1690s, from Middle English sidlyng (early 14th century), as side + -lyng (frequentative suffix) (modern English side + -le (frequentative suffix)).
sidle (plural sidles)
- A sideways movement.
- A furtive advance.
sidle (third-person singular simple present sidles, present participle sidling, simple past and past participle sidled)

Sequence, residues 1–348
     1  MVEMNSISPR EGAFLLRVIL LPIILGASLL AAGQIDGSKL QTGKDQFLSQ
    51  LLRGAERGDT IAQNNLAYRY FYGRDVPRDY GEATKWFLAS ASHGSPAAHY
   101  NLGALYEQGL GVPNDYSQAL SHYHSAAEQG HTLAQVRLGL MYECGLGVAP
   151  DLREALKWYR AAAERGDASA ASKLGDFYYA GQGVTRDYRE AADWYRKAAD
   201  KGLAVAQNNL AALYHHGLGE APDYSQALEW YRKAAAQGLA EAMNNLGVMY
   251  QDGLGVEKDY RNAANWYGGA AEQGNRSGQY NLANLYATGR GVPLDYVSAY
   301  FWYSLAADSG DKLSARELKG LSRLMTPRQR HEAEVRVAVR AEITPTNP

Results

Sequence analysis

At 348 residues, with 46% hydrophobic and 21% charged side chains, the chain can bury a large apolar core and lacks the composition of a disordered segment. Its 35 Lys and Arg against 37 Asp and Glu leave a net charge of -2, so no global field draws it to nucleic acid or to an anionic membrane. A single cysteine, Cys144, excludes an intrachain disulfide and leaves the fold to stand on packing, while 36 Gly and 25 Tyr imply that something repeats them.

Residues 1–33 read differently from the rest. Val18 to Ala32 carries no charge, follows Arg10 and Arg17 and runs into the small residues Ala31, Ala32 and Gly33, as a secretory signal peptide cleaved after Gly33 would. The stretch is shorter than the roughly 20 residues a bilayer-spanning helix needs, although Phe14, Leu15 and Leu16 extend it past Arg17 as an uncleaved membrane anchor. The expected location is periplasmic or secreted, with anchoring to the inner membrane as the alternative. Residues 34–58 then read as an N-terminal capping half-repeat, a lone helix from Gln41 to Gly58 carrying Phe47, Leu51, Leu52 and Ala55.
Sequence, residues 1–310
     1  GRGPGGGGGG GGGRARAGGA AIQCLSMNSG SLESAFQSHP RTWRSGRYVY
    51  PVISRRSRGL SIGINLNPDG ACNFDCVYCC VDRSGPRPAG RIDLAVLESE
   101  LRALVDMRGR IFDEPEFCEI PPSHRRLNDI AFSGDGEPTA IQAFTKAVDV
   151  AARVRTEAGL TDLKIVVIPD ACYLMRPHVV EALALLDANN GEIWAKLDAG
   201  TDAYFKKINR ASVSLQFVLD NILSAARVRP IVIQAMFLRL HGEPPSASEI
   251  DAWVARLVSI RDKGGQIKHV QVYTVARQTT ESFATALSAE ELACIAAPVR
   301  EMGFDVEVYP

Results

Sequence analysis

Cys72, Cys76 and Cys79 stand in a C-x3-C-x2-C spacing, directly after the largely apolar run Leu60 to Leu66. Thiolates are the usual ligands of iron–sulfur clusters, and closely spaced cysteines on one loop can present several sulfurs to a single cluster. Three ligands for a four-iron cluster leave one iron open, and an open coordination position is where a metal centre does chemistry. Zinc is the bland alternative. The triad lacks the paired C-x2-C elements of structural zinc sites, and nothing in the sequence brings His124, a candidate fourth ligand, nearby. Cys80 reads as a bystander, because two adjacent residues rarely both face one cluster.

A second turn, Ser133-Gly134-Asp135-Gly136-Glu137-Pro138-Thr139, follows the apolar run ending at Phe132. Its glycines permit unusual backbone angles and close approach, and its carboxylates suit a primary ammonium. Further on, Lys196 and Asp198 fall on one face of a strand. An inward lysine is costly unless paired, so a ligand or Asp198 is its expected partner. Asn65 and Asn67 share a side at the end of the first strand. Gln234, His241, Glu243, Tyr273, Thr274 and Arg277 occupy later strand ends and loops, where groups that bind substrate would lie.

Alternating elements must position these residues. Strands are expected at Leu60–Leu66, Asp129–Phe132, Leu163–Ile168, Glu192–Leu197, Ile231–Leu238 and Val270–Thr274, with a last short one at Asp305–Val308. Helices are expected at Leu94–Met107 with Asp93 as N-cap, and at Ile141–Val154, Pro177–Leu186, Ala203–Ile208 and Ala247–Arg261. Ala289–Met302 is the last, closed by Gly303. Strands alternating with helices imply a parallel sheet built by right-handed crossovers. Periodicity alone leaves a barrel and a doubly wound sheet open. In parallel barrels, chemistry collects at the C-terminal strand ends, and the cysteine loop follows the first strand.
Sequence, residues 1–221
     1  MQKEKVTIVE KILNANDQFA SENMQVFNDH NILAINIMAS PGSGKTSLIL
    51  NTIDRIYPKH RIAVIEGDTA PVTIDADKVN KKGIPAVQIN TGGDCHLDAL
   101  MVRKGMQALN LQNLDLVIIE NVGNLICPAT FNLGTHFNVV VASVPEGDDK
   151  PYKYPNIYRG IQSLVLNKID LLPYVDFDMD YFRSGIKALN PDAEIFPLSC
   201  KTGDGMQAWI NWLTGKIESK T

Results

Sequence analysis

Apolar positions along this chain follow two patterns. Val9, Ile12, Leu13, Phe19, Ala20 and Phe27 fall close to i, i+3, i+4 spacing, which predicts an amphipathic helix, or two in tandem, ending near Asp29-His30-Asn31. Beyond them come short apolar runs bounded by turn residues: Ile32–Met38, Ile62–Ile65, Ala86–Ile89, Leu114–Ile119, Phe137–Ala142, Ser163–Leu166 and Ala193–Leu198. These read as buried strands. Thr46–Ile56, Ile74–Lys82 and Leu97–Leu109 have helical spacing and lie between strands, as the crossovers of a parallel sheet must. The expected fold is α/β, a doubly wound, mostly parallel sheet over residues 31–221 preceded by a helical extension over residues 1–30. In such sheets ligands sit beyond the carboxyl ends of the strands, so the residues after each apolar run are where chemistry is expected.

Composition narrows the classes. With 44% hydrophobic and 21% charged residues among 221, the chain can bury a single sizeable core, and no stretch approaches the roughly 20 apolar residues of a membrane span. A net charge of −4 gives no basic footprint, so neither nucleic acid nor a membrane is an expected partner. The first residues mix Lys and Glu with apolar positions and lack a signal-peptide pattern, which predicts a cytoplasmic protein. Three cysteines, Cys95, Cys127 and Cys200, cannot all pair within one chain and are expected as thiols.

- To move sideways.
- To advance in a furtive, coy or unobtrusive manner.
1960, P. G. Wodehouse, Jeeves in the Offing, chapter VIII:
At an early point in these exchanges I had started to sidle to the door, and I now sidled through it, rather like a diffident crab on some sandy beach trying to avoid the attentions of a child with a spade.
To advance in a furtive, coy or unobtrusive manner
- ^ “sidle” in Douglas Harper, Online Etymology Dictionary, 2001–2019.